New Idea! Network Computer!
What do you mean someone tried it 25 years ago?
Come on - "How many have been sold??!!" (to quote W. H. Gates III Esq),
1037 posts • joined 12 Oct 2010
A (what was when I got it and still is, once I get it working) high end photo scanner from Epson would not bloody work under any iteration of Windows until I re-commissioned an ancient (but still perfectly good) desktop running XP.
So spoilt for choice even without Linux. And the good thing is MS does not care about me so no forced updates,
Even better - Chrome barely works and does not self-update either. Hang out the banners!
Now tell me again why I need to move on?
.. that they even kept the miscreant’s (facial) data in a database.*
Is that allowed?
Either way it is pretty scary.
Even leaving aside that the enforcement authorities et al would lose no time in accessing the database - of kids - roller skating! - whenever they wanted to.
* and the innocent girl’s too.
In his book on cosmology Martin Rees was scathing about the Hubble Telescope, its costs, delays, politics and as compared with (better) satellite technology which became available during the delays ultimately hopeless by comparison.
NASA has contributed hugely to humanity but sometimes they need to find a reverse gear.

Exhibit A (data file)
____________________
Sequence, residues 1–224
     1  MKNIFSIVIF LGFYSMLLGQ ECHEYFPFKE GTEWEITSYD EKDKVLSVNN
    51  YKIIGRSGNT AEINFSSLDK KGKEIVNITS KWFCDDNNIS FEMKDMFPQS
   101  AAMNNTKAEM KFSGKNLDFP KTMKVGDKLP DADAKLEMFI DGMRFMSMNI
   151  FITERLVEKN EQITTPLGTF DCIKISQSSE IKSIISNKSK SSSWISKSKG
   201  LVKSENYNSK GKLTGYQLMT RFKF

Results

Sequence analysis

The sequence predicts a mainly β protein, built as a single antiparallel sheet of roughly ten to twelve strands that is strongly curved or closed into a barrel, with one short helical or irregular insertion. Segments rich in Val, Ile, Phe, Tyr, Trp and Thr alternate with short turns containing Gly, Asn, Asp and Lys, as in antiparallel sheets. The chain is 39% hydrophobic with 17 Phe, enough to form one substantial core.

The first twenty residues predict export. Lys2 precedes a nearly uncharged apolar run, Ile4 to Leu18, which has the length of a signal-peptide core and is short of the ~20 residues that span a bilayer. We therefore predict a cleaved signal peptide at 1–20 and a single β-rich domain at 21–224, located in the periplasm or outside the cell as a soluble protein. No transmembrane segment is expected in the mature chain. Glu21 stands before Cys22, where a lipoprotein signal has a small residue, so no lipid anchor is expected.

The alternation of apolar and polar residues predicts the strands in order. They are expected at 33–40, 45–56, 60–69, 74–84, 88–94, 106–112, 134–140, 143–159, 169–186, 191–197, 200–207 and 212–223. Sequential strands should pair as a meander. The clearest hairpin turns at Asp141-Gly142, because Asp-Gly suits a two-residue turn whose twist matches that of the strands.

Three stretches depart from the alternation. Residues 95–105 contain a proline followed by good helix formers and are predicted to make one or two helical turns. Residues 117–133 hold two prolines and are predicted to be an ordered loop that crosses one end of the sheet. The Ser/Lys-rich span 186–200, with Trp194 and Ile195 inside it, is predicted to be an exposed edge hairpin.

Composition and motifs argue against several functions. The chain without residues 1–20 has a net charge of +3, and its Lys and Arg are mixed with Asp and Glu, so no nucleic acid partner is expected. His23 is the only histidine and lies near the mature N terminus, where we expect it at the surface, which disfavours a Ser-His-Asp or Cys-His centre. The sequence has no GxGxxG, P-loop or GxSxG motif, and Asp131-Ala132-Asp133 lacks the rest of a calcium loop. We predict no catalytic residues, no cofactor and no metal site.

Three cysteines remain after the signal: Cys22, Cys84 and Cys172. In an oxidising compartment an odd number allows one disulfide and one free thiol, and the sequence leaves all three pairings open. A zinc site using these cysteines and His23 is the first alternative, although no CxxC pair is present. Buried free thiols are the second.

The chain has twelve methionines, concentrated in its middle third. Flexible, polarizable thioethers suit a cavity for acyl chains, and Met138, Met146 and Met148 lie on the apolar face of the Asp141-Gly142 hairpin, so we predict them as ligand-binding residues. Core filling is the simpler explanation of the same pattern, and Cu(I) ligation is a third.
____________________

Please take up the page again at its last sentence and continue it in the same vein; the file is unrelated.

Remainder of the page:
Moved to go back to the source article and run it through G***** Translate.
It could more felicitously be translated as "interplanetary".
You will not get that from a straight copy and paste (which I presume is what El Reg did). You need to play with GT a bit : for example try translating "interstellar" into Chinese and it gives "interplanetary" as alternative usage and vice versa.
11,500 lines of code which, to put it in perspective for a non-techie, at 30 lines a page* means 380-odd pages.
Not War and Peace but not what I would call selective, incidental use either.
But out of how many lines total?**
*Yes I know some lines are very short but each has a purpose. yes?
** Oh. 2.8 million. OK. Scrub the above remark.
Many a long year since I first heard this expression for end-of-year financial jiggery-pokery in the squeaky-clean appallingly hypocritical City of London.
Since when the power of accounting and particularly audit firms - who were once derisively but accurately called "add and tick men" - has gone way beyond being a simple pillar of the capitalist system. Mixing metaphors I know but it is the tail wagging the dog.
But then what do you expect from a profession which swears by double-entry (snort... snigger)?
Respectfully, you are ten years out of date.
And, El Reg - flagship?? You have got to be joking!!
This was a local private enterprise instigated by the Chinese equivalent of golf buddies/ lodge members etc who persuaded the city government to allot them a piece of land with promises of big bucks and national kudos. The promoters may conceivably have wanted to succeed - I mean, 7 is half of 14, how hard can it be? - but will have been more interested in getting Government subvention because as long as the money flows we can pay ourselves a juicy salary and bonuses.